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We Give a F*** How the Site LoadsDevelopers can be angry people sometimes. This is actually quite the understatement and dt is no exception to that assessment. With web development in particular, there are several moments during the day where we are astounded, perplexed, and irritated by why something works the way it does--often over things beyond our control like lack of uniform web standards. Abe Stanway, the creator of Commit Logs from Last Night, actually gives a pretty compelling, and serious, Ignite talk on the functionality of profanity for developers here:
Last week, we received a very interesting, if not amusing, bug report:
"I just wanted to let you know that the reason why deviantART's CSS isn't loading properly for some people is because one of
About this Nicolas Cage situationEdit: I've just woken up to a night's worth of replies to this journal and people have made a great point about the fact that I could put these deviations in storage until the situation has ended, which I just have. If you are new to the conversation and wonder what kind of deviation we're talking about, they are the same kind of montages seen on that blog: http://niccageaseveryone.blogspot.com/
As you can easily guess from the stats on my profile, I don't post very often. I try to, because it's important to use the website I help build. So when last year, for fun, I made these montages I thought it might make people I'm in touch with on dA laugh, or at least smile at the absurdity of them. And some did. When I submitted them, fourteenthstar and her team saw that they could be controversial and they were discussed during a meeting with her team. I had submitted the images with default settings, so they made me disable prints immediately. That made total sense to me, I felt stupid f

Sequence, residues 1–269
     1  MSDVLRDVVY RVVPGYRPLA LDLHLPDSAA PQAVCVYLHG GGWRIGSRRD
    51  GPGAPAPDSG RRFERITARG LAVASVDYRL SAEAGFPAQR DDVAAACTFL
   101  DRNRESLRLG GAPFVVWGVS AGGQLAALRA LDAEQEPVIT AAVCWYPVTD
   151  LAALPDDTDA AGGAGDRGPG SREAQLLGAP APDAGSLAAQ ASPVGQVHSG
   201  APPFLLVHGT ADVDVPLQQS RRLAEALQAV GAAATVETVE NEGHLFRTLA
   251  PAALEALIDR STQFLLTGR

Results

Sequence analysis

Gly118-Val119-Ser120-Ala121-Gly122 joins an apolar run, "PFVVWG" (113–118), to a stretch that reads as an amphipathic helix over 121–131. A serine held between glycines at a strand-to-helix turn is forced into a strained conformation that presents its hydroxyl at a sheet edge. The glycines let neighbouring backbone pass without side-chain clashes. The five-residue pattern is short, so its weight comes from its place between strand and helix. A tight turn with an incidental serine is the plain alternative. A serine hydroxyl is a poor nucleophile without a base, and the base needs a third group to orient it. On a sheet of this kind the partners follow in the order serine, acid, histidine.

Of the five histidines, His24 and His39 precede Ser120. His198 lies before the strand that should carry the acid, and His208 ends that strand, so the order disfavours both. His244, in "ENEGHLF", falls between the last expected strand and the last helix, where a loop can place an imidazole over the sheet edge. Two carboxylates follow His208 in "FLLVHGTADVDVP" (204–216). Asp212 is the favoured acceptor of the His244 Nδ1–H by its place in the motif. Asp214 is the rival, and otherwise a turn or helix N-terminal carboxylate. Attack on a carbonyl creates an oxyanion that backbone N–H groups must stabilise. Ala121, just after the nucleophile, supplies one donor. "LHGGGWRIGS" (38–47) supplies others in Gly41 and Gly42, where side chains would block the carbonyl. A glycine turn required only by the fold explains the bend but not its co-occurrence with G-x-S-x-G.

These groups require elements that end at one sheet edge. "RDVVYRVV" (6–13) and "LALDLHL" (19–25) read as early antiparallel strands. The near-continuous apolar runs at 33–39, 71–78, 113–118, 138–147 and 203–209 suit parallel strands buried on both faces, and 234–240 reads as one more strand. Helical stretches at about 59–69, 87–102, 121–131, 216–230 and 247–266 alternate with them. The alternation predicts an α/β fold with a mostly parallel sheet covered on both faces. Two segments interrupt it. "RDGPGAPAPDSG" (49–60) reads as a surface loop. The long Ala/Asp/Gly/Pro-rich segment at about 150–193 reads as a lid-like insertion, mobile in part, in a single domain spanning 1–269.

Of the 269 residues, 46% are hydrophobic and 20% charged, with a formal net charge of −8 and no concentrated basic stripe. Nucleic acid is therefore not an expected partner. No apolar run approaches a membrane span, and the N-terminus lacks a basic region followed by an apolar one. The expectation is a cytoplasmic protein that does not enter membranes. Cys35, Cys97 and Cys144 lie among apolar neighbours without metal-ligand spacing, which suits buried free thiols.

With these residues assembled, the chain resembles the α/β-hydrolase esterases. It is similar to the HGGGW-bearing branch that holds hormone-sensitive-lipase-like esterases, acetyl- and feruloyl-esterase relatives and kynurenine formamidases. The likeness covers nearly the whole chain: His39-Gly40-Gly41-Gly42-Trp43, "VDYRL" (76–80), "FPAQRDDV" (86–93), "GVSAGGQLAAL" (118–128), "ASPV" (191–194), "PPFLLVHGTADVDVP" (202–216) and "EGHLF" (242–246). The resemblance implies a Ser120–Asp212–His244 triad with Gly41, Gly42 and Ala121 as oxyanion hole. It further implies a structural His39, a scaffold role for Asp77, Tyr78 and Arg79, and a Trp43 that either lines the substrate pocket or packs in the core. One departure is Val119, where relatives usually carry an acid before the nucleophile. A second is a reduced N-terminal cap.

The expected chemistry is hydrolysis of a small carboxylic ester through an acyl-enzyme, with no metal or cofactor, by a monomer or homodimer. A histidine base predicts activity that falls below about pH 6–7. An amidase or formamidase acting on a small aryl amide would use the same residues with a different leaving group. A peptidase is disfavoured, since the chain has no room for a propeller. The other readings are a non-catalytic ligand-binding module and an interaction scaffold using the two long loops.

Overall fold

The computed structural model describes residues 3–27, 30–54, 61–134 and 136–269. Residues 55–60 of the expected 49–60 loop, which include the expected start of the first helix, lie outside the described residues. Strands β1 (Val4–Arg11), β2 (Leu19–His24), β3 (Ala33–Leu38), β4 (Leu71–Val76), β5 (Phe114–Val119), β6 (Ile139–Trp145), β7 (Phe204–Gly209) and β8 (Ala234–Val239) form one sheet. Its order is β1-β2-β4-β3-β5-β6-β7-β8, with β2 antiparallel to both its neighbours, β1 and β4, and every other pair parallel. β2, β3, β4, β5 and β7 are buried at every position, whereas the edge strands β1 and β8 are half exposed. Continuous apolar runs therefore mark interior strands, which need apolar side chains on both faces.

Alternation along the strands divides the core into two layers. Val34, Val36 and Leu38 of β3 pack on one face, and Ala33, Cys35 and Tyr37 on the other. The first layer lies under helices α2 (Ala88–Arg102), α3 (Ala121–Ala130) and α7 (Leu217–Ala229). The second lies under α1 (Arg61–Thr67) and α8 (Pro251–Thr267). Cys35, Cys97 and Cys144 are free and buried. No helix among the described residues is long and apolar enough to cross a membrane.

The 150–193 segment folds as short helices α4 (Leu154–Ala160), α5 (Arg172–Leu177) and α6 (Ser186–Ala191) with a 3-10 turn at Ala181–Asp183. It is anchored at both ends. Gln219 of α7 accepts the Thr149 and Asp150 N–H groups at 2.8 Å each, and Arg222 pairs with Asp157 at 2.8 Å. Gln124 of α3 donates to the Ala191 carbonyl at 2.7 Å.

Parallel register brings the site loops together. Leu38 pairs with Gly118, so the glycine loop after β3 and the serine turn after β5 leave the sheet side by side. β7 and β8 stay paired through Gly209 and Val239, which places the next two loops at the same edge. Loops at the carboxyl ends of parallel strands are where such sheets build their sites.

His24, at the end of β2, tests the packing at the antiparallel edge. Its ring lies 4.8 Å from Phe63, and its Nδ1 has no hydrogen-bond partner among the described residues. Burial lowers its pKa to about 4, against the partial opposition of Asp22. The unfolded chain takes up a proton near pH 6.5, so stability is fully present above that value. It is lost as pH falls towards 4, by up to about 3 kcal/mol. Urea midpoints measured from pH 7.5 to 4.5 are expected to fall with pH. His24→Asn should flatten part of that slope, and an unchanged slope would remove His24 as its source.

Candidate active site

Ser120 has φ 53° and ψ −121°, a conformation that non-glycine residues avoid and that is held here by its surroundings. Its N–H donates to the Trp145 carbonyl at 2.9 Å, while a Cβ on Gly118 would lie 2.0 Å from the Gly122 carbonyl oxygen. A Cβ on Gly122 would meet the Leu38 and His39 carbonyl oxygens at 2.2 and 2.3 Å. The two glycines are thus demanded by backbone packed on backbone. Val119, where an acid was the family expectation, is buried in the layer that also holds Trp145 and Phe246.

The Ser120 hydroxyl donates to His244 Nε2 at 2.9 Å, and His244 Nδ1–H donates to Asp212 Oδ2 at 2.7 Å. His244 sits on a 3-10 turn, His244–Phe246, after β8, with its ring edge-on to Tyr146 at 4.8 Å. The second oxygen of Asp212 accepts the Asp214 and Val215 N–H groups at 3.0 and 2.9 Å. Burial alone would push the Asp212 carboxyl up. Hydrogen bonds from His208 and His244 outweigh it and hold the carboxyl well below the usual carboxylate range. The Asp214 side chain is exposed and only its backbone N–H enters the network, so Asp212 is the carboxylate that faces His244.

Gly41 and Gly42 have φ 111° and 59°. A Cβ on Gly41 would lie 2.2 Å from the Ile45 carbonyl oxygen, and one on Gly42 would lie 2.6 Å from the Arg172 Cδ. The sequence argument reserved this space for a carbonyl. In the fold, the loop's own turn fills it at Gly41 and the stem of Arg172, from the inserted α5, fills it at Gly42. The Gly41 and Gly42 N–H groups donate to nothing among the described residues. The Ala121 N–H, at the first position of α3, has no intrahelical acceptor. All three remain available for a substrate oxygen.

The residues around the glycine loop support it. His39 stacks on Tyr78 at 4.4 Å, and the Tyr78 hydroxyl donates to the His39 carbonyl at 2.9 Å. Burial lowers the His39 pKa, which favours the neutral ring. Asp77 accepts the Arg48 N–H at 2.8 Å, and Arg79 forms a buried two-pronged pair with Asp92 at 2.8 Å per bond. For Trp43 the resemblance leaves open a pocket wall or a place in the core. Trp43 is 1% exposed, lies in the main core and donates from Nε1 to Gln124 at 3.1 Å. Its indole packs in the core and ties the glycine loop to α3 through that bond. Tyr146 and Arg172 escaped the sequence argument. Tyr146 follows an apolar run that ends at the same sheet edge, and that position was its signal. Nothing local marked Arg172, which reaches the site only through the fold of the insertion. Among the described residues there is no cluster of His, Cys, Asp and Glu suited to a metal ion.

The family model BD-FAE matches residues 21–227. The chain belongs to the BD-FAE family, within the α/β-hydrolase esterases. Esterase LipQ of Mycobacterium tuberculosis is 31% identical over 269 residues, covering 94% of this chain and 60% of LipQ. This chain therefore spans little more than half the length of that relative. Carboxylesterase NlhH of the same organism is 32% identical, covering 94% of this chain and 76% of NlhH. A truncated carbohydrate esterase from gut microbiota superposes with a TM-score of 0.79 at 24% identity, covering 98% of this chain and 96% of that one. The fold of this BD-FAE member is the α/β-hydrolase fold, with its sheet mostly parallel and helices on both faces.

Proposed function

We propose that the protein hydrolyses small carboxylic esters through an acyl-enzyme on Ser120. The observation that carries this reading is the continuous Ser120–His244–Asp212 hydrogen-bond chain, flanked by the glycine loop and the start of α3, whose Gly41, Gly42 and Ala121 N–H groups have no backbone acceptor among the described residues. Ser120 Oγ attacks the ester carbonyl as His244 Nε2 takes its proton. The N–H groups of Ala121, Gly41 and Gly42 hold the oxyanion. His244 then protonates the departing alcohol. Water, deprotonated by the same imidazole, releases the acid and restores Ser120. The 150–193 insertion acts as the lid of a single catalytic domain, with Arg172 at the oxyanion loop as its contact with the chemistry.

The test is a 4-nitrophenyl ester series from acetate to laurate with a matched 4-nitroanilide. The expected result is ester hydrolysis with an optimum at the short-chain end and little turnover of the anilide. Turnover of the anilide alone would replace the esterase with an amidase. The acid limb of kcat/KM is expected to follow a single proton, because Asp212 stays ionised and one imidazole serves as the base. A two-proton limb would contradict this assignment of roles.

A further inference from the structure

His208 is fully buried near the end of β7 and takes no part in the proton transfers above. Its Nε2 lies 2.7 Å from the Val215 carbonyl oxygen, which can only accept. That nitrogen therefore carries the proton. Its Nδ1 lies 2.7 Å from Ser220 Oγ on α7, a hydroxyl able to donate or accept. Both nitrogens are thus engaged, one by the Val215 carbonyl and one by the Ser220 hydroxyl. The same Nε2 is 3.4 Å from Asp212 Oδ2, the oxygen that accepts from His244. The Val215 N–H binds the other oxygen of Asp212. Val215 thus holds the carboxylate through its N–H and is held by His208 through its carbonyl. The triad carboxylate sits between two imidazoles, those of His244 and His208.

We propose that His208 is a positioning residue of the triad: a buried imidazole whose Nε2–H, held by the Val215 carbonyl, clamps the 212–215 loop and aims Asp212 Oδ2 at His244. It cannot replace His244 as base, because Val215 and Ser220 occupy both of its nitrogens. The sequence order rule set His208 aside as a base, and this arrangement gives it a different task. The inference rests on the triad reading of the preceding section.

Excellent Advice - A Quote From Neil Gaiman"When things get tough, this is what you should do: Make good art. I'm serious. Husband runs off with a politician -- make good art. Leg crushed and then eaten by a mutated boa constrictor -- make good art. IRS on your trail -- make good art. Cat exploded -- make good art. Someone on the Internet thinks what you're doing is stupid or evil or it's all been done before -- make good art." Neil Gaiman
A Turning Point in the Clockwork WarA war of attrition
depends on supply and drawdown,
how much you have and how much you use up.
With personnel, the balance concerns
the influx of recruitment versus
the outflow of casualties, deserters, invalids.
There is only so much loss
that a fighting force can sustain
and still fight.
Pilot Claude Archer was the first
to challenge his invalid discharge.
"I don't need legs to fly," he said,
patting the healed stumps of his thighs.
"My Osprey runs on elbow grease."
The members of the discharge board
paused and looked at each other.
What he said was true.
The Osprey-class fighter jets
relied on hand controls,
and a sharp eye and iron nerve.
Fingers flicked through the stack
of discharge papers -- so many, many pages.
So many soldiers lost, never to fight again.
They could not afford to let slip even one
who might be retained, somehow,
to face the front line once more.
Far less could the war effort spare
one of its best pilots.
So they put Pilot Archer back on the roster,
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